chart showing daily Covid cases in Quebec
This Datawrapper chart is updated daily automatically using Google Sheets

Datawrapper is right now the best tool for creating quick and simple charts. It’s so useful and feature-rich that news organizations that had their own in-house charting tool are switching over.

One of its best features is the ability to connect a CSV file hosted on the web as a data source. This enables users to create self-updating charts with regularly-changing data (like Covid cases), since Datawrapper fetches the data at regular intervals (with caveats. More on this later).

This is what I did with the CBC Montreal Covid tracker page: it has seven charts that are auto-updated in different ways.

Here are four ways to create these, from easiest to more technical.

1. Using a ready-to-go CSV

Some data providers might already have a CSV on the web that is regularly updated. If the data is good to go, has only the columns you need, and needs no additional cleaning and analysis, just use it as a data source.

The Public Heath Agency of Canada has a dataset with the daily number of new Covid cases by age group in Canada. It’s one of the many datasets that powers their Covid dashboard.

This CSV is in the format that Datawrapper likes:

  • The first row has the column headers
  • It’s in wide format, so each series has its own column. In this case, we want one line per age group, so each age group needs to have its own column.

In Datawrapper, you can simply take the URL to that data and paste it in, under “Link external data”:

BE A GOOD INTERNET CITIZEN: Datawrapper will connect to the data’s URL every minute (more on this below). When linking directly to a data provider, will make sure they can handle the load. In this case, it’s a government website that was made to handle high traffic. When in doubt, ask.

On the next step, “Check & Describe” you can make sure the data looks good and exclude columns from being drawn by selecting them and clicking on “Hide selected columns”:

Et voilà, now you just select the chart type, style it as needed, and publish:

About those caveats…

Datawrapper will look for new data every minute within the first 24 hours after the chart was published, then every hour for the next 30 days. So it’s not a perpetually self-updating chart. You’ll need to republish it every now and then to reset the update frequencies and to make sure it remains up to date.

Read more caveats about self-updating Datawrapper charts here.

2. Use Google Sheets to change and publish the data

Not every dataset comes ready to be visualized. In fact, very few do. Most will need some work, like filtering, aggregating, and reshaping before it’s ready for Datawrapper.

Like this other dataset from PHAC with daily Covid data for every province in Canada. Datawrapper won’t know what to do with it:

  • It’s in long (or tidy) format: each series (like provinces) doesn’t have its own column, but are stacked in a single column.
  • There are many columns of different types (like numbers and rates). You should only chart comparable data.

Google Sheets comes in handy here, allowing you to:

  1. Pull in the raw source data
  2. Filter and reshape it (using a pivot table, for example)
  3. Publish the refined data as a CSV on the web, which can be plugged into Datawrapper.

Here’s how.

In a new sheet, use the IMPORTDATA formula to pull in data from a CSV on the web. It’s as simple as writing this in cell A1:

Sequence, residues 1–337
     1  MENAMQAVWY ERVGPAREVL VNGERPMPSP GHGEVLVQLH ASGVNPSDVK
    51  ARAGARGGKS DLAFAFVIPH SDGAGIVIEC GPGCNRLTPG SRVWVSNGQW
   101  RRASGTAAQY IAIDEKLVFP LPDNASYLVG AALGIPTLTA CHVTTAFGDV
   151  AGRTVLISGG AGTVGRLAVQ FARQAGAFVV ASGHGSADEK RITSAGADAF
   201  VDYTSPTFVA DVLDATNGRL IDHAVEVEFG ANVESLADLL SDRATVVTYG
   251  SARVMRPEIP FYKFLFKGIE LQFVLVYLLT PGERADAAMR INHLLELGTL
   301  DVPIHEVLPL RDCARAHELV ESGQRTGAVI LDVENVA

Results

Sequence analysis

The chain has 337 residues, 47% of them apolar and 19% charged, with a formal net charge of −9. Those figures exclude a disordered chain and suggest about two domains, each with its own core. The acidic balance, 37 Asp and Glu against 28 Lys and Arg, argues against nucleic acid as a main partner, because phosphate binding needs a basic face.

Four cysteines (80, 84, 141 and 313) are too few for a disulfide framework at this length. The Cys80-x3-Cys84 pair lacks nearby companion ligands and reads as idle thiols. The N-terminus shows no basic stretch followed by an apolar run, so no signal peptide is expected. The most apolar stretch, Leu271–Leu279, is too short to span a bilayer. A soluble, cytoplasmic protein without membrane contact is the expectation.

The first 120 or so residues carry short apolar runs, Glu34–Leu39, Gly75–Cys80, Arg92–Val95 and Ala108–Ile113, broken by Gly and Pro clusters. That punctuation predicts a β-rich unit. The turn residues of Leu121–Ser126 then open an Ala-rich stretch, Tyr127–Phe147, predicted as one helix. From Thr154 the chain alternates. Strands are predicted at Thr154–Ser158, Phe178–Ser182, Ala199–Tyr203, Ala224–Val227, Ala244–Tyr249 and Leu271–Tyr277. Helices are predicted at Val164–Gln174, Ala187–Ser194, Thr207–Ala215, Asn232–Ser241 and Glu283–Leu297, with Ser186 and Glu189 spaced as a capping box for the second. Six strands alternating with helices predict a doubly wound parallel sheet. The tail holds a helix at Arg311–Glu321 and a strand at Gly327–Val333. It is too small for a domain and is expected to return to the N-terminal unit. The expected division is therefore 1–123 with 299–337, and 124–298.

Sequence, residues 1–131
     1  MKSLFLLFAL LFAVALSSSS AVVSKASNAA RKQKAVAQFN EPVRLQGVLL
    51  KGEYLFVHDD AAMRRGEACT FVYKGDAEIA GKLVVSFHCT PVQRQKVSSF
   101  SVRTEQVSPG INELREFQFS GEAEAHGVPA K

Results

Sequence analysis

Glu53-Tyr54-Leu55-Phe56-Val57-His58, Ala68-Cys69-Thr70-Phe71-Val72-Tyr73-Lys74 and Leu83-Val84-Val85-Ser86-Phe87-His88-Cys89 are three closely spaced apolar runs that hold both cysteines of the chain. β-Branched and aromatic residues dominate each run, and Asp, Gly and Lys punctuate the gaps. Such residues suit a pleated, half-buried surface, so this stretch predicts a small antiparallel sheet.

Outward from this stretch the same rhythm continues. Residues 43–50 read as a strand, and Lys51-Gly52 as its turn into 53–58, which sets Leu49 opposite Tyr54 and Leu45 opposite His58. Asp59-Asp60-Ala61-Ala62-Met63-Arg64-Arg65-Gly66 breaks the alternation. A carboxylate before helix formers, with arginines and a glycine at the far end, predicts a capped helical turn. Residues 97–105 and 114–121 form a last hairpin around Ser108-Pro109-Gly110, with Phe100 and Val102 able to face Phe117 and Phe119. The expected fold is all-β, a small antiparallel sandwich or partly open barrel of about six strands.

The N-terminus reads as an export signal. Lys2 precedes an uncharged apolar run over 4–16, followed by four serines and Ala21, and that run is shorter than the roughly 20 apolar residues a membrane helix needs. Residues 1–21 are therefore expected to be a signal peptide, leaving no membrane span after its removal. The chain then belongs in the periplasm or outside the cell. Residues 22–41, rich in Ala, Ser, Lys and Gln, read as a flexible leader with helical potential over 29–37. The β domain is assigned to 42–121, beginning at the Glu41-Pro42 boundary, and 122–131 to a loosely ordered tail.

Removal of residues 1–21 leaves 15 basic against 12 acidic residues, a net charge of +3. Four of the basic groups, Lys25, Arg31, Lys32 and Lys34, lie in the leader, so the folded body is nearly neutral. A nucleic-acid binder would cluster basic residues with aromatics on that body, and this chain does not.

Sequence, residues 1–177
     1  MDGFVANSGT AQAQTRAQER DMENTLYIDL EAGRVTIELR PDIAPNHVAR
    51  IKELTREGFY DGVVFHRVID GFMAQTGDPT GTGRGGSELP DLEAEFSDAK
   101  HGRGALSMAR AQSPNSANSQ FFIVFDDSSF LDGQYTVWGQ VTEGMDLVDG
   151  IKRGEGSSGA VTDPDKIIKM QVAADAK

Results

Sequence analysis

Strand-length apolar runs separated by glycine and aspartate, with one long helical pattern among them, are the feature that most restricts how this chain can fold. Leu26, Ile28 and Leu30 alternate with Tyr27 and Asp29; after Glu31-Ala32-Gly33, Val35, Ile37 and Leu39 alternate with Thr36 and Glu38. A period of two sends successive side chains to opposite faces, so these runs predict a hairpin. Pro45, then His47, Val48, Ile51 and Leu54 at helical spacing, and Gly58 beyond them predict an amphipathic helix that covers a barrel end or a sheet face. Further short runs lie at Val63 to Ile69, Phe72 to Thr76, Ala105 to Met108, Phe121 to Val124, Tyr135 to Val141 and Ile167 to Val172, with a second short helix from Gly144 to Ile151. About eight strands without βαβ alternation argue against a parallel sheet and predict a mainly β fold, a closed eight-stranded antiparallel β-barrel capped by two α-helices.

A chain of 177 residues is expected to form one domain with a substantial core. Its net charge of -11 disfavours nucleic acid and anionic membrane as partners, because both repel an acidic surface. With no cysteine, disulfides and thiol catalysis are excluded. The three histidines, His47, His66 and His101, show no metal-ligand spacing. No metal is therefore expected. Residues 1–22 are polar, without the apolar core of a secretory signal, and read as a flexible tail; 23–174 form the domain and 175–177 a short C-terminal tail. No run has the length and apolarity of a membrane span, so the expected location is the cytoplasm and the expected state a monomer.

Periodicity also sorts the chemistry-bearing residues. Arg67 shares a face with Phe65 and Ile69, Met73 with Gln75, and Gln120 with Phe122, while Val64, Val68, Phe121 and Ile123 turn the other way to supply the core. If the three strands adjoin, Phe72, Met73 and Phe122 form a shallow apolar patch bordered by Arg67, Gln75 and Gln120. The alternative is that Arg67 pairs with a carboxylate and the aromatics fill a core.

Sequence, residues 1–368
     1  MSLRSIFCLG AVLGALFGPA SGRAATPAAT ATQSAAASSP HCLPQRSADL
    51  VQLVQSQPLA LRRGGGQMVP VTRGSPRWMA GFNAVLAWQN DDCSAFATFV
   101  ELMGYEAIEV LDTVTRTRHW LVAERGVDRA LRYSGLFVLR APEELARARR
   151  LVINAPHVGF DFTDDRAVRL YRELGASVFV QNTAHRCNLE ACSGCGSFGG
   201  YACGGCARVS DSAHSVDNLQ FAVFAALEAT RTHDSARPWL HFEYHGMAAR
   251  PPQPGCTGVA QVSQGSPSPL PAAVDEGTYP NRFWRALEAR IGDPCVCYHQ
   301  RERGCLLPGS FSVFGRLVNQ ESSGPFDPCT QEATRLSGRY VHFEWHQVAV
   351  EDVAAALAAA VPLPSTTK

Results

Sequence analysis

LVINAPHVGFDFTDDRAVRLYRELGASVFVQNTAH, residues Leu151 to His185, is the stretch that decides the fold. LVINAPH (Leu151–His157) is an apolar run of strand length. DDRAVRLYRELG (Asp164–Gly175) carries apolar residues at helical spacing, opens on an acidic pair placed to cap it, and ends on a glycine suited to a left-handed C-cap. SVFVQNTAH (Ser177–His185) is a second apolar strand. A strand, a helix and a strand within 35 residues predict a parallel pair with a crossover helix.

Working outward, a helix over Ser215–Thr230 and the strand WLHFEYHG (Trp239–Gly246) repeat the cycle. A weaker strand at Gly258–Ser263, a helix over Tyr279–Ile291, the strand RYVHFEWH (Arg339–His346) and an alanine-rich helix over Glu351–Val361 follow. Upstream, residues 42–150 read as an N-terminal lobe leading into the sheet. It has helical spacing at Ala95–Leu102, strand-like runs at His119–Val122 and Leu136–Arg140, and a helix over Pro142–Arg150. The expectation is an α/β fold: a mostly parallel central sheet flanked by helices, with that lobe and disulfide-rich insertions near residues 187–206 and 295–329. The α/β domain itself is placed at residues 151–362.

=IMPORTDATA("https://health-infobase.canada.ca/src/data/covidLive/covid19.csv")

It may take a while. You’ll see what looks like an error message that says “Loading…” but the table will be populated with the data.

Note: IMPORTDATA will refresh the connection every 15 minutes or so. Remember to be a good internet citizen.

WARNING: Google Sheets may not play well with very big datasets and throw errors, or say that a limit has been reached. Also, if Datawrapper looks for new data as Google Sheets is “Loading…” you chart will come out blank.

The data might need some love, for instance, setting the columns types (look at the date column below as an example).

I only want the 7-date rate of cases for provinces, so in a new pivot table, I add date as rows, prname as columns, and ratetotal_last7 as the values. I also add two filters, one for date, only showing values since Jan. 1. 2021, and one for prname to exclude numbers for all of Canada and for repatriated travellers.

Now you have a dataset ready for Datawrapper.

Well, almost. Datawrapper needs the first row to the the column titles. Pivot Tables adds a description of the pivot as the first row. This will confuse Datawrapper. So you need to create another sheet based on this table without that first row.

This is easy using an array formula. In a new sheet, on cell A1, enter the following formula:

=ARRAYFORMULA('Pivot Table 1'!A2:N)

This means: Take everything in Pivot Table 1 (or whatever you named that sheet) starting at cell A2, to column N, as far down as it will go. This grabs the whole reshaped data, except for the first row.

The beauty of this system is that all the sheets are dynamically interlinked. So the first sheet is always pulling data from the source, the pivot table filters and reshapes whatever is in that first sheet, and the third sheet takes whatever is in the pivot table, not matter how many new rows are added! It’s a self-updating pipeline!

Finally, you can publish this final sheet as a CSV on the web to pull into Datawrapper:

Go to File -> Publish to the web. Choose only the sheet you want to publish, and choose CSV format.

Copy the link it gives you, and the rest you already know.

3. Use Google Apps Script to automate everything